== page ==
Marlins Park Review

Image

The Nationals complete a three game series with the Miami Marlins tonight, the first of three trips to the retractable-roof stadium resting in Miami’s Little Havana neighborhood. I visited Marlins Park last year during its inaugural season.

Marlins Park is a sad place, despite the fact it’s intended to be the exact opposite.

Art dealer and Marlins owner Jeffrey Loria endeavored to design a stadium that is uniquely Miami: avant-garde design, vivid colors, and a festive atmosphere to mirror the South Beach party scene. Loria even commissioned a $2.5 million dollar mechanized sculpture for centerfield, designed to light up and activate for Marlins home runs.

But the stadium is a failure in many ways. Great baseball stadiums are a successful melding of architecture, location, and the fan base tasked with filling its seats on a nightly basis.

Architecturally, Marlins Park is fantastic. Loria appropriately bypassed the old-fashioned brick and exposed-steel framework popularized by Baltimore’s Oriole Park at Camden Yards and Cleveland’s Jacobs Field. Instead, stadium designers opted for something modern and sleek. Yet, while the design reflects the city of Miami, it fails to assimilate within its own neighborhood, Little Havana (see the photo below). The stadium looks like a spaceship in a cornfield.

IMG_1001

The unfortunate location detracts from the stadium itself. Loria tried to capture the festive spirit of Miami. But the lack of supporting social infrastructure outside the stadium (bars, clubs, etc.) keeps that spirit confined. At baseball’s finest stadiums, like Wrigley Field, the atmosphere spills outside the park and throughout the surrounding neighborhoods. That’s hard to imagine here.

The team tried to compensate by literally putting a nightclub in the stadium (see below). But it might be the loneliest nightclub in the country. When you walk outside, you’re between two parking garages.

IMG_1029

Marlins Park sits on the site of the demolished Orange Bowl, former home of the Miami Hurricanes football team, the Miami Dophins, Super Bowls, and, of course, The Orange Bowl. A piece of art work outside the stadium pays tribute the old stadium (see below). Letters resembling the old Orange Bowl lettering are spaced and displayed “half buried” in the earth where they would have likely fallen when the stadium was demolished. This is a fine addition to the stadium complex.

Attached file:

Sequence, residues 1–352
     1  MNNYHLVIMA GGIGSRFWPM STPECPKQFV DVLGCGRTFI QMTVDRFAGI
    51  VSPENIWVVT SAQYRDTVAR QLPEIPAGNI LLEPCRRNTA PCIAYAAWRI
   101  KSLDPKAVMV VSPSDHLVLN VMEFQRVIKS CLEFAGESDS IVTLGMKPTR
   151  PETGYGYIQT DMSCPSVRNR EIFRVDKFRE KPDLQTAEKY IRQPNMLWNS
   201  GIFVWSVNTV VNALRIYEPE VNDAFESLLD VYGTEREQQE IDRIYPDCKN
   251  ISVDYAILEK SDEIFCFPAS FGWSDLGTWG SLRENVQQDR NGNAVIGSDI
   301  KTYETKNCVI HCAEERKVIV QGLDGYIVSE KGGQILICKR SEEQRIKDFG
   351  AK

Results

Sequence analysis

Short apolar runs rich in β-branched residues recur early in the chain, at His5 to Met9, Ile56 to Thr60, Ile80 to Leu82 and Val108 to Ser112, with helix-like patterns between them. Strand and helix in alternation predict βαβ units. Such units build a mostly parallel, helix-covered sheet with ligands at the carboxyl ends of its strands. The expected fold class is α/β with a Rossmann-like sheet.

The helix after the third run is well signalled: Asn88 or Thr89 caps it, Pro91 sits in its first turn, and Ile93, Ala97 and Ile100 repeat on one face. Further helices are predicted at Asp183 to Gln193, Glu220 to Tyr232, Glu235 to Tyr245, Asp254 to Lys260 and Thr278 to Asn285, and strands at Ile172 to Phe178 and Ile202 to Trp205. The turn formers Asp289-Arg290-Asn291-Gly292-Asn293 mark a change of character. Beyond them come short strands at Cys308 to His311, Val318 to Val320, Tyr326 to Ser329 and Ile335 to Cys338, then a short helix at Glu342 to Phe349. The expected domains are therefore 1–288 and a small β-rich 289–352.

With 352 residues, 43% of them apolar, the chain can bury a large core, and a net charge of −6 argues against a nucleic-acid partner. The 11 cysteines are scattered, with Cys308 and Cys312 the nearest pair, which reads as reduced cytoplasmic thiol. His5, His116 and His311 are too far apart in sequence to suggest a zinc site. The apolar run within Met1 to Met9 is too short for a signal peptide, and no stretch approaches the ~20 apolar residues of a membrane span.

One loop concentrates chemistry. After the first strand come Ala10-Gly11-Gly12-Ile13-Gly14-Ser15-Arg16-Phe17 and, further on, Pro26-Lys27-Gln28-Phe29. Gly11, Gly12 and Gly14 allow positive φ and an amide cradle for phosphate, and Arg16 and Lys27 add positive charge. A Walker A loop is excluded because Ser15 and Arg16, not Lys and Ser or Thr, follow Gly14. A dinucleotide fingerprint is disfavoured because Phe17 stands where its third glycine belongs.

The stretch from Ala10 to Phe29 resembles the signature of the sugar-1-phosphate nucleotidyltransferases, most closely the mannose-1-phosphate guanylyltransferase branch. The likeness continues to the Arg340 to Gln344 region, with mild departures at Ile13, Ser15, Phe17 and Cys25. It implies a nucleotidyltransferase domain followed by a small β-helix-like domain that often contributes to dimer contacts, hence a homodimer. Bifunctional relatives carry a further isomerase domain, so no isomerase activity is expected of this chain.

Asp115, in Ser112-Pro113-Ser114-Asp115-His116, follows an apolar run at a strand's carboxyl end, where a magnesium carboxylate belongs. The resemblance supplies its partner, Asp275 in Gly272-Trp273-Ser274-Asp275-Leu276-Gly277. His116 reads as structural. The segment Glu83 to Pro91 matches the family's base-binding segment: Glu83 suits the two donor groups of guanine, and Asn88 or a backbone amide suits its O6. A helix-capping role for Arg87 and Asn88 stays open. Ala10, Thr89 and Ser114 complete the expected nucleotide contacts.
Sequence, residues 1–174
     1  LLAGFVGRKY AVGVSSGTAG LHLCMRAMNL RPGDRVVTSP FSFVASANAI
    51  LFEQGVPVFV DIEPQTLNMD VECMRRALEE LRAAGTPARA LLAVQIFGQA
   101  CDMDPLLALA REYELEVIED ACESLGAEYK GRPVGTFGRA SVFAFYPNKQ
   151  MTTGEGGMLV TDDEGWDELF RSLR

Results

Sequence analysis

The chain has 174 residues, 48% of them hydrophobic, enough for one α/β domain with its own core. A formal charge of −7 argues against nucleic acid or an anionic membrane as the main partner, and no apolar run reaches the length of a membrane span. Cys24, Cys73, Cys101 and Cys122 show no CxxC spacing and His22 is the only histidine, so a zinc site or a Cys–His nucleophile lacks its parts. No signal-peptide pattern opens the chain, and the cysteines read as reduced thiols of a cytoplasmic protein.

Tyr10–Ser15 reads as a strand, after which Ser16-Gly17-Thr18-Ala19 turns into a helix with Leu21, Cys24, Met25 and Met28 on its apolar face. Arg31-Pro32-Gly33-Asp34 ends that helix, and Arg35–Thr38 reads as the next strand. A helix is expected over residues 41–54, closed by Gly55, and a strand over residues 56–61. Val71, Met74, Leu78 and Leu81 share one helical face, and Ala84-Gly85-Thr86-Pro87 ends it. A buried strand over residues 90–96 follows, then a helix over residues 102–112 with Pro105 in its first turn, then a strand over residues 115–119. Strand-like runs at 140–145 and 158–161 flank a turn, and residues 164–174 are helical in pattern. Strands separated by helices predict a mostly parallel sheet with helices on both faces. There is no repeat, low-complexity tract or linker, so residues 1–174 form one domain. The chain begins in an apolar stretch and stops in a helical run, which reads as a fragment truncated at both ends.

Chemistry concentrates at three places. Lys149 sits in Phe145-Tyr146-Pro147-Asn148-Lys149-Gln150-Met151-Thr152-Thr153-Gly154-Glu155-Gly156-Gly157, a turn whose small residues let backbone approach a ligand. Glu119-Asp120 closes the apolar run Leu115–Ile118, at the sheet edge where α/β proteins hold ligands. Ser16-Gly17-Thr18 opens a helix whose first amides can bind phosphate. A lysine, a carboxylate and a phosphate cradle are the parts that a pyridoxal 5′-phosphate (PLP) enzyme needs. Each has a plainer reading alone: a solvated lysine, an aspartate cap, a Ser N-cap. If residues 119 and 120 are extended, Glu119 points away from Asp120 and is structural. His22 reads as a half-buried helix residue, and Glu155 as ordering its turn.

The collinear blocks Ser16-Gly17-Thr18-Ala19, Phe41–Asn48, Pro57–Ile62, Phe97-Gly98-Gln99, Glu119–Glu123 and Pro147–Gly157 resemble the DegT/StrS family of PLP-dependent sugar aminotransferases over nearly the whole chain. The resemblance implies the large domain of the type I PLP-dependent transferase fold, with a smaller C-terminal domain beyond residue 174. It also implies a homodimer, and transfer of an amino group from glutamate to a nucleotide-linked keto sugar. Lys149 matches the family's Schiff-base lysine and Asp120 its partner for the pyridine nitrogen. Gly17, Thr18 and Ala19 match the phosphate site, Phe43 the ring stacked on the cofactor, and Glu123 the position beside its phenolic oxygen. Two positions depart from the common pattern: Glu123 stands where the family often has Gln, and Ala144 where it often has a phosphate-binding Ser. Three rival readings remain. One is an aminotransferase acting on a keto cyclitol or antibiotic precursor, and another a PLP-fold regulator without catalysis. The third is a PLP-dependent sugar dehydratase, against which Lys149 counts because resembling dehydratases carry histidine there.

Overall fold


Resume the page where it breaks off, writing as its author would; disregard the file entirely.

IMG_1004

The inside of the stadium has excellent sight-lines from the concourses and plenty of standing room space. There are a variety of bars and restaurants which add to the party-like atmosphere. A large glass pane in left field provides a view of the distant Miami skyline (see below) and natural light, even when the the retractable roof is closed. The team opted for natural grass rather than field turf, but the grass appears to dying in the outfield, where sunlight is the least available.

IMG_1016

The roof is necessary because of the unpredictable South Florida weather, but it’s the stadium’s biggest detraction. Baseball isn’t supposed to be played inside. There’s just no way around it. A walk through the concourse feels like a stroll the mall. And too often, an empty mall.

Which leads the biggest problem: the fans. For years, people stayed away from Marlins games because of low payrolls, losing baseball, and bad weather. Marlins Park was supposed to change all that. However, a series of bad decisions by ownership, terrible publicity, and continued losing will keep the people away.

Baseball purists will criticize the non-traditional nature of the stadium. I think that’s misguided. Every stadium can’t be a recreation of Ebbets Field. I have no problem with the attempt to build something modern and uniquely Miami. I don’t even mind the bizarre sculpture in the outfield. The pieces are there for a great stadium experience, but unfortunately they don’t fit.

The Marlins should have built the stadium near downtown Miami or South Beach. I understand that’s easier said than done, but considering the resources put into the stadium’s construction, it’s unfortunate stadium location wasn’t a bigger consideration.

If the fans show up, Marlins Park could be one of the best parties in baseball. But for now, it’s a party everyone forgot to attend.

IMG_1002

IMG_1008

IMG_1025

Advertisements

5 thoughts on “Marlins Park Review”

  1. Hello my family member! I want to say that this post is awesome, great written and come with approximately all important infos.
    I’d like to peer extra posts like this .

Leave a Reply

Fill in your details below or click an icon to log in:

WordPress.com Logo

You are commenting using your WordPress.com account. Log Out / Change )

Twitter picture

You are commenting using your Twitter account. Log Out / Change )

Facebook photo

You are commenting using your Facebook account. Log Out / Change )

Google+ photo

You are commenting using your Google+ account. Log Out / Change )

Connecting to %s